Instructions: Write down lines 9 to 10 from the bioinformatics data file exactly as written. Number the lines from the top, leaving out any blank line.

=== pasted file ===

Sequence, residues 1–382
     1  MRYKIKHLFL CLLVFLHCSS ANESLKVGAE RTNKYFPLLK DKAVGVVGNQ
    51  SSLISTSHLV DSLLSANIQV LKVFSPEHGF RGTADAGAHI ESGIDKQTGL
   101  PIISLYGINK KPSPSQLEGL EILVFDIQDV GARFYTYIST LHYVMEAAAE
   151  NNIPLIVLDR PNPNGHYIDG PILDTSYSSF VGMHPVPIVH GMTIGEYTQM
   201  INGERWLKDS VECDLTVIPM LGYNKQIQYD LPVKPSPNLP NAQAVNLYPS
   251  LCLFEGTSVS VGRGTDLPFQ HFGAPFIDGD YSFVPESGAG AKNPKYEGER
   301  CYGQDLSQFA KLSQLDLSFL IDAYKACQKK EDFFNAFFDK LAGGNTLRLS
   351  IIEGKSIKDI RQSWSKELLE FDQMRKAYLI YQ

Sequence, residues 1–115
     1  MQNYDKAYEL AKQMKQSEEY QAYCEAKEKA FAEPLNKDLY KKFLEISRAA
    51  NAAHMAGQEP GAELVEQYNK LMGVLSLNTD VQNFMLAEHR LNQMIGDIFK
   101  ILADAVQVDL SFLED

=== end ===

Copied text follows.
   351  IIEGKSIKDI RQSWSKELLE FDQMRKAYLI YQ

Sequence, residues 1–115